I’ve realized I probably do too much Mega Buster charging when it comes to blog posts: I wait until I’ve got so fucking much to say that it pours out in a sometimes untempered flood of nonsense that people excusably stop reading 10% of the way through. So today I’m trying an experiment in just getting a quick post out there.
I’m gonna write some stuff about being fat. You were warned.
Part the First:
So on Twitter about an hour and change ago, I asked people to name fat, gay male characters from TV and film, ideally fictional ones. I opened it up to the rest of the queer spectrum too.
In the span of that hour, here’s the list that people came up with, with a couple inclusions by yours truly:
- Yossi, the eponymous main character of Yossi, an Israeli film (trailer vaguely NSFW for naked bottom). You can, as of this writing, watch the movie on Netflix Instant Play if you’re interested.
- Cameron “Cam” Tucker, a character on the sitcom Modern Family.
- Vito “Wide Guy” Spatafore, from HBO’s The Sopranos.
- Damien, the sassy gay best friend from Mean Girls.
- Richard Hatch playing a semi-fictional version of himself in Another Gay Movie.
- John Goodman playing William “Butch” Gamble in the short-lived Fox sitcom Normal, Ohio
- Ignacio Esains from Twitter was kind enough to mention two Spanish-langauge options — the character Guillermo from the Argentinian legal drama Farsantes and the character Enrique from the Spanish film Gordos. There’s also many of the characters in the Spanish film Cachorro (“Bear Cub”)
- I guess some of the cast of the movie BearCity counts. I guess.
That’s about ten? More or less? I’m gonna say, for the record, that a couple of these guys don’t even seem fat, to me. When Shane Liesegang told me about Vito he mentioned a weight loss plot which immediately set me on edge, as did the trailer for Gordos. I will say point blank that BearCity infuriates me; it is a film fundamentally about a fit/thin man getting shit for being attracted to bears (which is not necessarily about body size), as well as having an infuriatingly up-then-down subplot about a fat gay man considering a lap band and a scene where said thin main character roundly mocks a bear for being even remotely effete. So fuck that movie.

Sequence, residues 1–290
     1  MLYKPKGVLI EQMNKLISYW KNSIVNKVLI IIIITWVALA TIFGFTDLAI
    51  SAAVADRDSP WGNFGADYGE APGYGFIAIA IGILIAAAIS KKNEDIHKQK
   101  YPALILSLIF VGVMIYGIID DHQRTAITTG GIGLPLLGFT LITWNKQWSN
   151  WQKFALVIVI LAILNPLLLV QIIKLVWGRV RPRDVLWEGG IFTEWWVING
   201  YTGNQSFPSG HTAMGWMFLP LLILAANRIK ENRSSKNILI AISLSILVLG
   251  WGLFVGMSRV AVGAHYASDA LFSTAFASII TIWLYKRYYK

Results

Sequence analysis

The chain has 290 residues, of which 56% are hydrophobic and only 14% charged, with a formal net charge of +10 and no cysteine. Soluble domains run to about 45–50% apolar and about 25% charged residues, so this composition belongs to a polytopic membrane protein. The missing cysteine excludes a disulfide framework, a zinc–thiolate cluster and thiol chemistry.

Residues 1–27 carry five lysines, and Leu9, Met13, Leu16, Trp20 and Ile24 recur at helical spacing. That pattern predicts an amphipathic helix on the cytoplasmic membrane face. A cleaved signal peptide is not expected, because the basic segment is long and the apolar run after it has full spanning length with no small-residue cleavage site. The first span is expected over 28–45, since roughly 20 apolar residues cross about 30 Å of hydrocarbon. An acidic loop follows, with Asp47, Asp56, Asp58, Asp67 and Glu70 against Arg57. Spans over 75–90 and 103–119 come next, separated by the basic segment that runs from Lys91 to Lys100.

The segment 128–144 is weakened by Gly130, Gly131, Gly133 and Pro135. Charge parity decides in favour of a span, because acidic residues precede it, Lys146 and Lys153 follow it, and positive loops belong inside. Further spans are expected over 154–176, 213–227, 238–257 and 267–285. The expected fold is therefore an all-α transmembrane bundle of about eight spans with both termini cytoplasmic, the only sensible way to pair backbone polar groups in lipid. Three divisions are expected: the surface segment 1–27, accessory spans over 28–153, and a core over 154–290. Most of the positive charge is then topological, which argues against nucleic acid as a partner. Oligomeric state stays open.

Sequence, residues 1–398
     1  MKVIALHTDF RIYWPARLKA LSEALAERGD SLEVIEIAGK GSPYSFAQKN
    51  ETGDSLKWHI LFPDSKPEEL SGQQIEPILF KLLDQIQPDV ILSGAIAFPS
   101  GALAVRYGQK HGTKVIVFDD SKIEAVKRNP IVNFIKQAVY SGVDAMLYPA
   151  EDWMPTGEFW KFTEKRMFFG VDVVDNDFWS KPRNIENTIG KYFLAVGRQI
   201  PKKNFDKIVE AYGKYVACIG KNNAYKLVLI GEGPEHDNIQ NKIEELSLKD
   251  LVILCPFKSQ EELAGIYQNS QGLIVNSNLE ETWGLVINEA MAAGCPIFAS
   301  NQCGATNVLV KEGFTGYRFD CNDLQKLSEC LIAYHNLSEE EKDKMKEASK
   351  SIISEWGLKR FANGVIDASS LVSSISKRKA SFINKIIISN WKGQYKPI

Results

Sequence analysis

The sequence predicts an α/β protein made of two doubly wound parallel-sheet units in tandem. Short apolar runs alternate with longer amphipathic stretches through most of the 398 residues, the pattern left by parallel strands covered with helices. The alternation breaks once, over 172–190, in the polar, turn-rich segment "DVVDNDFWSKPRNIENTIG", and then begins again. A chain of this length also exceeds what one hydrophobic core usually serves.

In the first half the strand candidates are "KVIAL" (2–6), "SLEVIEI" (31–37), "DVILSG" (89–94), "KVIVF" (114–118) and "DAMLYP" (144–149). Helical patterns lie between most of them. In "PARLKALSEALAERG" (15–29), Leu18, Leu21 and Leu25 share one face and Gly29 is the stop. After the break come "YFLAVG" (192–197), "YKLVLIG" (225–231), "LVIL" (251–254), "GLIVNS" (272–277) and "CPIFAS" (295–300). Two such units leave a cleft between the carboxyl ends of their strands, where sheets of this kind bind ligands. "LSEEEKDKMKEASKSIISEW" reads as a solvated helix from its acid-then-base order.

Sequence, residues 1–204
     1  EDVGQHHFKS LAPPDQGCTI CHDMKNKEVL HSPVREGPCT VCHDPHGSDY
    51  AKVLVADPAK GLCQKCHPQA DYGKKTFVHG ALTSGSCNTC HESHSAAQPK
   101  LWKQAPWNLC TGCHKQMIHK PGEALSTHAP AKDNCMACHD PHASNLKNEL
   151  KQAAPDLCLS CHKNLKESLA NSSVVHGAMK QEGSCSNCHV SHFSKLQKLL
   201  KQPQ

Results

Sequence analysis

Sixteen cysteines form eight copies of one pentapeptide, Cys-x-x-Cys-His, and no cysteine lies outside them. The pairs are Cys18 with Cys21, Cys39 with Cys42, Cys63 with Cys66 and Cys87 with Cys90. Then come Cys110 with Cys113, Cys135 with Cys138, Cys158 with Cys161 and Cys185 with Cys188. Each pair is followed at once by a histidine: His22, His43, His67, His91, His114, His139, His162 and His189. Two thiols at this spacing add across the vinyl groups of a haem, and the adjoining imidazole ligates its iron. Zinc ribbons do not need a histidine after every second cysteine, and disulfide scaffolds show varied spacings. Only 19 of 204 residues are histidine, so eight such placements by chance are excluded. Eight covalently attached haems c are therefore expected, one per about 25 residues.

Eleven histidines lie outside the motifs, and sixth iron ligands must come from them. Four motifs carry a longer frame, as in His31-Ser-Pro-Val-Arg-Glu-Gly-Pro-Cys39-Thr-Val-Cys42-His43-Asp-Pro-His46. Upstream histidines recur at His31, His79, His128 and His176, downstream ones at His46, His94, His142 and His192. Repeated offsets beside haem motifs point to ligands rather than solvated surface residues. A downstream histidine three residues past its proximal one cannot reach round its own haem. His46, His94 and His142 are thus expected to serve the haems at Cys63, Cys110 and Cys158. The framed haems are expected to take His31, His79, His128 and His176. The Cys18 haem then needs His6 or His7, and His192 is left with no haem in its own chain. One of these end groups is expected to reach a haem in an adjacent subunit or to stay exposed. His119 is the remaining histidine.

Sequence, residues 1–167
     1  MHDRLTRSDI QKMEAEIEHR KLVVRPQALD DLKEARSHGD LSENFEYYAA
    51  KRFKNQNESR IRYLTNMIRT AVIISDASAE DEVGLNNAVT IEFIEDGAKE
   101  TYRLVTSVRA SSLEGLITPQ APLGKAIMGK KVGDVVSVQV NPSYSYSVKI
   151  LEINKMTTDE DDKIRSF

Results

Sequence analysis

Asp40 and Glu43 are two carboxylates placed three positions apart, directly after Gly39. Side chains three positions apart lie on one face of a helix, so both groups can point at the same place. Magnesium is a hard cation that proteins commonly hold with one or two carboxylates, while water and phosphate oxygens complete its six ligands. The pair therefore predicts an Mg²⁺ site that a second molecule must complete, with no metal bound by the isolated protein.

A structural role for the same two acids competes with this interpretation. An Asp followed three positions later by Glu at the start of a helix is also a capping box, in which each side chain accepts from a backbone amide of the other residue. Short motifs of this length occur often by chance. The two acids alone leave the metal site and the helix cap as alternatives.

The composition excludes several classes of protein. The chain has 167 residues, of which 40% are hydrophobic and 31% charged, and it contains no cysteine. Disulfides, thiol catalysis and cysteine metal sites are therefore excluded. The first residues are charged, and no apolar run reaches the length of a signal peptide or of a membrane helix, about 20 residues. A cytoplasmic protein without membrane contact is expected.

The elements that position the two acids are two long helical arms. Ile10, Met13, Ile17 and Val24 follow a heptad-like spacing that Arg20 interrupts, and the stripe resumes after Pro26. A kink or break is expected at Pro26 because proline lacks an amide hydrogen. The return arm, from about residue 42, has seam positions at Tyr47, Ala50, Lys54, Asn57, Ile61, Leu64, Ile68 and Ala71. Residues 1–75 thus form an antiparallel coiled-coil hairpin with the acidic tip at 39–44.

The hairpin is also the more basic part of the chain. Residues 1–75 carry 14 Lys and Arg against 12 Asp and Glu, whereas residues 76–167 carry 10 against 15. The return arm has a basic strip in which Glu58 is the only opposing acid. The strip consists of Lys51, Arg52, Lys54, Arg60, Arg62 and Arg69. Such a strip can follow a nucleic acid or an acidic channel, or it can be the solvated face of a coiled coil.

Don’t even get me started on Cam from Modern Family. And while I actually wish Normal, Ohio had lasted more than a handful of episodes, that Fox promo and indeed, the show’s entire premise goes out of its way to emphasize that being gay isn’t normal and, tacitly, to imply that being fat and gay isn’t normal either. That’s the whole joke.
Part the Second:
Before I start talking about anything, watch this trailer for Street Fighter X Tekken:
These characters are Rufus of Street Fighter 4 and Bob of Tekken.
I have a very complicated relationship with Rufus and Bob.
Here’s the deal. I like that both are presented as highly skilled martial artists. Rufus in particular is a very acrobatic fighter, performing a flashy kung fu style that is highly, highly atypical for characters of his body type. Neither SF nor Tekken sell these characters short in terms of their skill. I don’t know much about Tekken‘s gameplay, but when SF4 debuted Rufus was also a relatively high-tier character, so he saw a decent amount of play. That is actually pretty great.